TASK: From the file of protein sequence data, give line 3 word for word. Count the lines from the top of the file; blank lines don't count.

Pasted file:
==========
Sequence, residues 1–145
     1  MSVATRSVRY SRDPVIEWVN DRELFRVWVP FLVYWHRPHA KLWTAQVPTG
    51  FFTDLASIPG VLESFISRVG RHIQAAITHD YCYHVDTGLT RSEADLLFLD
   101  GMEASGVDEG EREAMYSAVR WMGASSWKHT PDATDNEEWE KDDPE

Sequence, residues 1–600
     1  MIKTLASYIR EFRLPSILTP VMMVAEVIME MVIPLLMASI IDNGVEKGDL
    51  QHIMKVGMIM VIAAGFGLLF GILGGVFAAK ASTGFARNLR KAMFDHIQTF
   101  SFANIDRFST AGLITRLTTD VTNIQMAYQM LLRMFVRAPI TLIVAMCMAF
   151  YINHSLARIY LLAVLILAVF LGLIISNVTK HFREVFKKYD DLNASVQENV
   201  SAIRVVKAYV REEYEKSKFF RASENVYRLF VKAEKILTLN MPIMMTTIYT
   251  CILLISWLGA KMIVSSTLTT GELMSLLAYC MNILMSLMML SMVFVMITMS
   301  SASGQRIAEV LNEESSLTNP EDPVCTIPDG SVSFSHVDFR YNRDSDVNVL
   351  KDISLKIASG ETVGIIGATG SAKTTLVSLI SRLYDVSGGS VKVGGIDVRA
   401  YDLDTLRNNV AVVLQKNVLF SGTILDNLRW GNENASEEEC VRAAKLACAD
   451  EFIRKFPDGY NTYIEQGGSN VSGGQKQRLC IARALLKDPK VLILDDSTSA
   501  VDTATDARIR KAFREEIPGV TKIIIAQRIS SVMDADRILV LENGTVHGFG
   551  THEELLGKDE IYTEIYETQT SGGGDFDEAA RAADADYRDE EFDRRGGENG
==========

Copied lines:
    51  FFTDLASIPG VLESFISRVG RHIQAAITHD YCYHVDTGLT RSEADLLFLD